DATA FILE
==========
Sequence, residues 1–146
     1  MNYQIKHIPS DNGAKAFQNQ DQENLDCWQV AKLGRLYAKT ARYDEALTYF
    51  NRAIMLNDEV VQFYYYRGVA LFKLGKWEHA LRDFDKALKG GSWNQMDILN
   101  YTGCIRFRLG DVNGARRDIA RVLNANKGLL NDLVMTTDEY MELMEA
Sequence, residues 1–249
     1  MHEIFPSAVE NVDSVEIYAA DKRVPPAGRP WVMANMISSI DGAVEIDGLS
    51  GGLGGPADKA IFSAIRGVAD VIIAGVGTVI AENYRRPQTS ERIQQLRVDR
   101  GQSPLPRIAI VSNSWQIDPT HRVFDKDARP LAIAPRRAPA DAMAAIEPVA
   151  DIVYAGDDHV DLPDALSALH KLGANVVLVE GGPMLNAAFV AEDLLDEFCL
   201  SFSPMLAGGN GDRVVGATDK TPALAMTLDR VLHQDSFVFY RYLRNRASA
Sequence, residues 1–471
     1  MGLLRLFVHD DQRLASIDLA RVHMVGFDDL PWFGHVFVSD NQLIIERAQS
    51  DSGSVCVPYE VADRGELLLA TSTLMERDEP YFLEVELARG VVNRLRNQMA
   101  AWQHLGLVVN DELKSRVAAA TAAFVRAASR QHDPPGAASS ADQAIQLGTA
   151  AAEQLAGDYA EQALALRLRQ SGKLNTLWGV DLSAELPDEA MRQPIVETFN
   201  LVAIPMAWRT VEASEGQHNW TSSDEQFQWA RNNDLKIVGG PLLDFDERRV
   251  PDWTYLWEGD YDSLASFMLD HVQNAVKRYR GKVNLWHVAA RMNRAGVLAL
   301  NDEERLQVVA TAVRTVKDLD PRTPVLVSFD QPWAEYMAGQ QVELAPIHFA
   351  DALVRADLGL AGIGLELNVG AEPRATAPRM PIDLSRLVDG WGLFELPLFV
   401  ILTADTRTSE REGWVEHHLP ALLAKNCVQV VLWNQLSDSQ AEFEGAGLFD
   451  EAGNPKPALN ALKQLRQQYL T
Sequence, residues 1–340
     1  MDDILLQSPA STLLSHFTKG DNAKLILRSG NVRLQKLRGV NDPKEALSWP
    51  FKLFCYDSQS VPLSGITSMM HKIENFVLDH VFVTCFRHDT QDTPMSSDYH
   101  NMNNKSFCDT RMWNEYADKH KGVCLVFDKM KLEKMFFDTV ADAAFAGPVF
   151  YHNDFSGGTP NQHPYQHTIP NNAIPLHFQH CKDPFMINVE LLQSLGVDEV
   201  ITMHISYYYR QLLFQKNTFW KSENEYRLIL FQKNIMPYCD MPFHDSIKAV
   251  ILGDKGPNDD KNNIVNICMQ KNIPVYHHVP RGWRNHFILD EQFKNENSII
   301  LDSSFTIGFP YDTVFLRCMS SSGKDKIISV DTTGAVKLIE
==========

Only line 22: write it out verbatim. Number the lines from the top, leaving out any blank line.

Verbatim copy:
Sequence, residues 1–340